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To understand the difference between the local church and the universal church, one must get a basic definition of each. The local church is a group of professing believers in Jesus Christ who meet...
What is the difference between the local church and universal church? The following distinctions are evident in scripture. The local church consists of believers who share communion in a local church setting, is identifiable in terms of location, space and time. The Greek word ekklessia which literally means "the called out" has the communal context indicating that the local church consists of those called out from the sinful world into the light Christ. This word is first used by Christ in Matthew 16:18. However the universal church bears two contexts. First in its general sense this could refer to a collection of church congregations across the globe which worship Jesus Christ as Lord and Savior and recognize the Bible as God's final instruction to His Church (Hebrews 1:1-2). The second dimension is its spiritual context, which is more finite and distinct in scope. In this context the universal church is recognized as consisting of all true believers present and past whom the Lord has redeemed to himself irrespective of color, race, region or church denomination (Colossians 3:11). Some scholars believe that the church is incomplete without the future saints whom God has foreordained to be saved so that every believer in God's contemplation is included. This context is scriptural because Jesus views his church in this way. In John 17:15 Jesus petitions the Father to preserve His present and future church. He also prayed that they be sanctified (1John 17:20). The Greek word used here for sanctify is "agios" which means to set apart or separate from profane things. The universality or locality of the church are biblical platforms by which believers experience communion in the Spirit into whom we are all baptized. (1 Corinthians 12:13). Does this include departed saints? Since the communion of saints should be active and identifiable then the context of living saints would be a legitimate presumption for defining both dimensions of church expression given the contrast that the question seeks to draw. This is because a local church cannot practically consist of departed saints though of course we shall all be united in Christ when He returns (1Thess.4:16).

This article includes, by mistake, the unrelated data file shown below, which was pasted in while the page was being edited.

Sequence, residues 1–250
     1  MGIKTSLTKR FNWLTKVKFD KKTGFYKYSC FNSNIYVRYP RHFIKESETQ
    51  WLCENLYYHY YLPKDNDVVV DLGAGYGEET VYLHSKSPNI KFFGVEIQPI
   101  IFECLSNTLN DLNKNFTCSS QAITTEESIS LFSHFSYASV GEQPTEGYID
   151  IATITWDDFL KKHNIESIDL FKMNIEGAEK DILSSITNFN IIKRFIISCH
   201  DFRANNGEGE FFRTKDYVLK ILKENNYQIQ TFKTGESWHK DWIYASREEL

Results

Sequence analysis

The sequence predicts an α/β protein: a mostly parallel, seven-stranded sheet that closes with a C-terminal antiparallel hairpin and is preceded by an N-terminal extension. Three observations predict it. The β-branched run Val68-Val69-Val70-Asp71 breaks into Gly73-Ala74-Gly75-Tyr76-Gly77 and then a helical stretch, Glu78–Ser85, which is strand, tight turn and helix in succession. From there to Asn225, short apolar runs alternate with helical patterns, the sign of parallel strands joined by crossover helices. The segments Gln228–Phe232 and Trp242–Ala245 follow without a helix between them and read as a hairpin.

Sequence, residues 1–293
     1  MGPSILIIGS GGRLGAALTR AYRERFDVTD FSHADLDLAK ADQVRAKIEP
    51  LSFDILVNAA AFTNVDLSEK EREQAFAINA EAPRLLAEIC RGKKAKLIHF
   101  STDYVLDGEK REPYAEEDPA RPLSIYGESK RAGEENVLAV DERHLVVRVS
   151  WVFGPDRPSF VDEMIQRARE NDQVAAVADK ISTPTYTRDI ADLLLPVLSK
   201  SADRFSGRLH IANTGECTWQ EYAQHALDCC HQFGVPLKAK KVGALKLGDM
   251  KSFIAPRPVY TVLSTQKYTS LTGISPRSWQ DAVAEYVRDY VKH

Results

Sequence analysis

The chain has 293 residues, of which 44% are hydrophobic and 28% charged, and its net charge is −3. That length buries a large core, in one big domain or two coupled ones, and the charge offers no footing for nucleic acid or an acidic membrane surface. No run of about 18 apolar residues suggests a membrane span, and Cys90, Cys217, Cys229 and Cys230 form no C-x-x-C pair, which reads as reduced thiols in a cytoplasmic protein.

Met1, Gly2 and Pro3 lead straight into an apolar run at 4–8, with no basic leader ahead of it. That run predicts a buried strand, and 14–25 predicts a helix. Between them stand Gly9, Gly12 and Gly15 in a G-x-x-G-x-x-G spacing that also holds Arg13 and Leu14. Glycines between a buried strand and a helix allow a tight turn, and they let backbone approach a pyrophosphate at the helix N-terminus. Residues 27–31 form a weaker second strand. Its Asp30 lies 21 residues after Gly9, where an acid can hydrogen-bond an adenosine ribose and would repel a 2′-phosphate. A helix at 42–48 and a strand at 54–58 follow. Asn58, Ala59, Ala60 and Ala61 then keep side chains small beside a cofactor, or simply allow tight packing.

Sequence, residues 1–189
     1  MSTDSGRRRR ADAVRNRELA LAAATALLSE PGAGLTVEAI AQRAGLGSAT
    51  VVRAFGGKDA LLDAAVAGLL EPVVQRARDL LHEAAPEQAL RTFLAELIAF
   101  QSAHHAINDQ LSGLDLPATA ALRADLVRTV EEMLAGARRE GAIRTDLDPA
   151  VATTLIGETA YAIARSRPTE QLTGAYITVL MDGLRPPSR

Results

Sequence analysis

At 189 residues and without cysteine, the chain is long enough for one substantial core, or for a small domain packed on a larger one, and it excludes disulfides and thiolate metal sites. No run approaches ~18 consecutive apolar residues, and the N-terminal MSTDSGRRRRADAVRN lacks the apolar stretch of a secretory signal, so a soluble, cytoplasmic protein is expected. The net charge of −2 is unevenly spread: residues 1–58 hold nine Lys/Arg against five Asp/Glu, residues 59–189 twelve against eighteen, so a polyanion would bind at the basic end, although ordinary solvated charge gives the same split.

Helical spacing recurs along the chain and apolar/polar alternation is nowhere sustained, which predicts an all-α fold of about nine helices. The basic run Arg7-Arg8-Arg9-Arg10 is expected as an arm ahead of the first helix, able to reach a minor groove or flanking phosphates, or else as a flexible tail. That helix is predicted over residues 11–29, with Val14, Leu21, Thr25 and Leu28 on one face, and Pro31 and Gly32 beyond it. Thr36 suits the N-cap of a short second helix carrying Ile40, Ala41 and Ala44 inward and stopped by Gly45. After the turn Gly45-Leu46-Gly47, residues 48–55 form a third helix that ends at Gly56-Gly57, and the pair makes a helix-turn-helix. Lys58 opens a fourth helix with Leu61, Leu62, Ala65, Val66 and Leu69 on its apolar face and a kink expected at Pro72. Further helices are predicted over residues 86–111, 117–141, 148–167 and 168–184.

A word of caution to anyone seeking the true universal church. There is a current attempt to reunite the so called "universal church". This attempt has many faces and covers a wide variety of issues. Be very careful when choosing a church. Seek good advice and pray for guidance. We alone are responsible for our choices. Not all denominations think the same. Some really do have an agenda that do'es not line up with Gods Word. Please be careful.
"Into Christ’s spiritual body who are knitted, compacted together, as a living, dynamic body in a locality, and in sum total, in the world”. This is my definition based upon key scriptures such as Acts Cp 2, Ep 4:16, 1 Cor 12, and Ps 122:3. I believe that the Catholics have literally pulled the wool over our eyes by switching the word EKKLESIA with the English word Church. The result is “woolly thinking!” For more on this topic please go to a free website www.tooth-pick.org “Did God create the Church? No He didn’t, He created the Ekklesia” Lawrence NZ
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